Division of Supervision and Consumer Protection
Classification Number: 6310
Date: July 28, 2005
Issuing Office: DSC/PPD
Serena Owens (202) 898-8996
Nikita Smith (901) 818-5705
Michael J. Zamorski
Guidance on the Examination Treatment of Assets Related to the Tobacco Transition Payment Program
Purpose. To issue examination guidance regarding the proper treatment of assignments of tobacco transition payments and successor-in-interest contracts.
Background. The Fair and Equitable Tobacco Reform Act of 2004 (Reform Act) was passed on October 22, 2004, as part of the American Jobs Creation Act of 2004. The Reform Act established the Tobacco Transition Payment Program, commonly referred to as the Tobacco Buyout, which is administered by the U.S. Department of Agriculture (USDA). The legislation terminates the federal tobacco marketing quota and price support loan programs. Therefore, beginning with the 2005 tobacco crop year, there will be no geographical planting restrictions, no marketing cards, and no price support loans.
To ease the transition, the USDAs Commodity Credit Corporation (CCC) will make an estimated $9.6 billion in payments to eligible tobacco quota holders (land owners) and producers (farmers), payable in 10 annual installments in each of the 2005 through 2014 fiscal years. Quota holders will receive payments equal to $7 per pound based on 2002 marketing quotas, and producers will receive up to $3 per pound based on their share of the risk of producing quota tobacco between 2002 and 2004. Fiscal year 2005 buyout payments will be made between June and September of 2005, and subsequent payments will be made in January of each fiscal year. Tobacco producers and quota holders were required to sign up for the buyout program by June 17, 2005, to be eligible to receive a 2005 payment. Buyout payments and other related costs will be funded through quarterly assessments on domestic tobacco manufacturers and importers totaling no more than $10.14 billion over the 10-year period. The CCC is also authorized to borrow up to $30 billion from the Treasury, private agencies, and others, if assessment funds are insufficient to meet contract obligations.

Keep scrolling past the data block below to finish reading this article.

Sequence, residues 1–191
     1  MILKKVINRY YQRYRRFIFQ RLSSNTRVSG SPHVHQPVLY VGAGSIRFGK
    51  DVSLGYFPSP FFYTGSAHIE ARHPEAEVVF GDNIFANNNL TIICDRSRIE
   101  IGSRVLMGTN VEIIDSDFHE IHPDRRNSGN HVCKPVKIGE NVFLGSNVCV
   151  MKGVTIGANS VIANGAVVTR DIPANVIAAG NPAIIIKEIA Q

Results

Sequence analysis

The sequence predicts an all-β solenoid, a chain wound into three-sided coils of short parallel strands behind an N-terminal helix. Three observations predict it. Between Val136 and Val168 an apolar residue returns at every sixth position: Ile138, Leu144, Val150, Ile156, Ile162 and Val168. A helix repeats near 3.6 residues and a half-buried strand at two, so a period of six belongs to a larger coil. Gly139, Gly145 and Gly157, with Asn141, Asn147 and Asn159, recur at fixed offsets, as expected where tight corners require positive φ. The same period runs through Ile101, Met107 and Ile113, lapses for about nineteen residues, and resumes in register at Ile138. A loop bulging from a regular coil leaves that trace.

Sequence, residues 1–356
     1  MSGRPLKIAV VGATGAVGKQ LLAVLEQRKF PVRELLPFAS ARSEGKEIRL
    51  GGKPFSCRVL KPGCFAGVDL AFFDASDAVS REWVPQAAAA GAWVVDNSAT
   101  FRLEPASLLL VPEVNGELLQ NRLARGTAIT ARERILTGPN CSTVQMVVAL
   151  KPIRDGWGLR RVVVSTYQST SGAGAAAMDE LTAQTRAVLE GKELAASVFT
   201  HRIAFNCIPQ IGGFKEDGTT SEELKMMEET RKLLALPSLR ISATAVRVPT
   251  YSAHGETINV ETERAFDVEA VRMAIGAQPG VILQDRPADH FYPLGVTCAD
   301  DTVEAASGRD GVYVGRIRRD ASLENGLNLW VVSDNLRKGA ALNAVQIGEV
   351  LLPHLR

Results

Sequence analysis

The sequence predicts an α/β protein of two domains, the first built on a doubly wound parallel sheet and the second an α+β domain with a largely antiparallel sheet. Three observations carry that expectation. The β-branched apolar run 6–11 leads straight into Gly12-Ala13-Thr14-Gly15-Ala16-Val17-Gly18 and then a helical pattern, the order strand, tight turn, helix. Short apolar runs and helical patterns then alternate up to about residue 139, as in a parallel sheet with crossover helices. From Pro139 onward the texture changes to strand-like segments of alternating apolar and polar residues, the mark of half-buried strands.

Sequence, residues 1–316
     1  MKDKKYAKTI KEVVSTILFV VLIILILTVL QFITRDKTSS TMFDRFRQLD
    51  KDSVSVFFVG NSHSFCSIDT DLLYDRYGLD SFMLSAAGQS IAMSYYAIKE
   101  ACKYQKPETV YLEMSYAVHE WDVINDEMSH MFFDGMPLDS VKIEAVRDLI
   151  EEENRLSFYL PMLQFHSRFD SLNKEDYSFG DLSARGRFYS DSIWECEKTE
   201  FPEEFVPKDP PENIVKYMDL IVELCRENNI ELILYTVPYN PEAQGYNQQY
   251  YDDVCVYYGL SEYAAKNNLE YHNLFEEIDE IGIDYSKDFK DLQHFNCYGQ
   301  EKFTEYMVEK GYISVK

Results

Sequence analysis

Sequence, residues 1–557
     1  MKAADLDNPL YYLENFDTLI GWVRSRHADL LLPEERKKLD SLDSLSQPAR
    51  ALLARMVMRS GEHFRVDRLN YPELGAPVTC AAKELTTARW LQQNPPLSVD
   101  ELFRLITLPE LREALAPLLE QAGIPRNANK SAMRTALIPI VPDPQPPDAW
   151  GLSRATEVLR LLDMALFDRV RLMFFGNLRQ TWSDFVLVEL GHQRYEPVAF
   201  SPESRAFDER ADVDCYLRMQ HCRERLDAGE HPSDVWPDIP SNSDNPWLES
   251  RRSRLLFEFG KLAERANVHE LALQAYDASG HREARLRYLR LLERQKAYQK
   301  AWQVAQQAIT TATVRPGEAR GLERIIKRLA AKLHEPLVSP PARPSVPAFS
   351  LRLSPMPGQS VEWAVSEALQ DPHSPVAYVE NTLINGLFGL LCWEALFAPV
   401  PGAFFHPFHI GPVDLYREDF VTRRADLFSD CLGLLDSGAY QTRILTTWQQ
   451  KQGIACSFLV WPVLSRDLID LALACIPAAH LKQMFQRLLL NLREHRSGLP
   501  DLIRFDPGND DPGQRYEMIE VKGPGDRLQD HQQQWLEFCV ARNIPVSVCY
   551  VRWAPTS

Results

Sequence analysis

According to the USDAs Farm Service Agency (FSA), eligible tobacco types included in the buyout program are produced in the States of Alabama, Florida, Georgia, Indiana, Kentucky, Missouri, North Carolina, Ohio, South Carolina, Tennessee, Virginia, West Virginia, and Wisconsin.
Discussion. The CCC has no legal authority to make a lump sum payment to an individual tobacco quota holder or producer in lieu of annual payments. However, a financial institution may offer a lump sum payment to a quota holder or producer, in exchange for the stream of annual payments, through either an assignment of payments or a successor-in-interest contract. Assignments may begin with the fiscal year 2005 payment, while successor-in-interest contracts may not begin until the fiscal year 2006 payment. Under an assignment of payments arrangement, the quota holder or producer assigns the rights to receive one or more annual payments to the financial institution. However, the quota holder or producer continues to own the buyout contract and must abide by the terms of the contract with the CCC. Under the successor-in-interest arrangement, the quota holder or producer transfers all rights in his/her contract to the financial institution. The financial institution becomes the owner of the buyout contract and must abide by the terms of the contract with the CCC. Both financing arrangements must be approved by the CCC.
An assignment or successor-in-interest contract will not be approved unless the amount the financial institution proposes to pay the quota holder or producer is greater than or equal to the discounted value of the remaining buyout payments due based on a discount rate set by statute. The maximum discount rate is the prime rate in effect on the first business day of the month plus two percentage points, rounded to the nearest whole number. The discount rate provision only applies to the original assignment or successor-in-interest contract. Subsequent assignments or purchases of the buyout payments can be based on market value.